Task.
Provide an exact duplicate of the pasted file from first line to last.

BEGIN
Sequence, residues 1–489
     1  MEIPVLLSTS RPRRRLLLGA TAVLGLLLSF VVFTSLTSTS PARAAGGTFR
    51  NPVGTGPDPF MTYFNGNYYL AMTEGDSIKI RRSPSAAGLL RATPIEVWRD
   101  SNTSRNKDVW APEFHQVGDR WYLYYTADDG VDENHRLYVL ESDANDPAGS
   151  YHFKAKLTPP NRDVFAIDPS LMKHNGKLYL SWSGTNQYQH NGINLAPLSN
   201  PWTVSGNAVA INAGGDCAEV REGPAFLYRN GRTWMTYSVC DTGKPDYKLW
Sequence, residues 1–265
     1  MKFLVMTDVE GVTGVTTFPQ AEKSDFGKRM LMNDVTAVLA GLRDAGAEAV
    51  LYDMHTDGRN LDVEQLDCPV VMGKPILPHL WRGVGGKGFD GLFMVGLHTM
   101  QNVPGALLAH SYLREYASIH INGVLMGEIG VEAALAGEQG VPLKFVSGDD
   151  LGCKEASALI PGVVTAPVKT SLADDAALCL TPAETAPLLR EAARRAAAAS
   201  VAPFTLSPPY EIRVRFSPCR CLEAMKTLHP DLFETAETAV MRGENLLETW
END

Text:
Sequence, residues 1–489
     1  MEIPVLLSTS RPRRRLLLGA TAVLGLLLSF VVFTSLTSTS PARAAGGTFR
    51  NPVGTGPDPF MTYFNGNYYL AMTEGDSIKI RRSPSAAGLL RATPIEVWRD
   101  SNTSRNKDVW APEFHQVGDR WYLYYTADDG VDENHRLYVL ESDANDPAGS
   151  YHFKAKLTPP NRDVFAIDPS LMKHNGKLYL SWSGTNQYQH NGINLAPLSN
   201  PWTVSGNAVA INAGGDCAEV REGPAFLYRN GRTWMTYSVC DTGKPDYKLW
Sequence, residues 1–265
     1  MKFLVMTDVE GVTGVTTFPQ AEKSDFGKRM LMNDVTAVLA GLRDAGAEAV
    51  LYDMHTDGRN LDVEQLDCPV VMGKPILPHL WRGVGGKGFD GLFMVGLHTM
   101  QNVPGALLAH SYLREYASIH INGVLMGEIG VEAALAGEQG VPLKFVSGDD
   151  LGCKEASALI PGVVTAPVKT SLADDAALCL TPAETAPLLR EAARRAAAAS
   201  VAPFTLSPPY EIRVRFSPCR CLEAMKTLHP DLFETAETAV MRGENLLETW